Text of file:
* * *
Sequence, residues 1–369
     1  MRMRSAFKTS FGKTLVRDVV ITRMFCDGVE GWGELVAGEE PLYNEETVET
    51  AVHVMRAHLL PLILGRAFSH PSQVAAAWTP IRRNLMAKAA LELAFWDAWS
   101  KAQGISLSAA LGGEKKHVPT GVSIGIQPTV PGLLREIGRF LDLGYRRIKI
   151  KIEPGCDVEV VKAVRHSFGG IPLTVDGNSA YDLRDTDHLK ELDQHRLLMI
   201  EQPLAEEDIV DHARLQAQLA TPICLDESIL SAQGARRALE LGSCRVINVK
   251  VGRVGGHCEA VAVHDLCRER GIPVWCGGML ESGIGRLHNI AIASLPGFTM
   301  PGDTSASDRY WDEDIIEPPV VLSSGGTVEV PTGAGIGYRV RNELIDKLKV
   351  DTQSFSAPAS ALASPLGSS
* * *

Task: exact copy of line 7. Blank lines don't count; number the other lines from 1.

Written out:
   251  VGRVGGHCEA VAVHDLCRER GIPVWCGGML ESGIGRLHNI AIASLPGFTM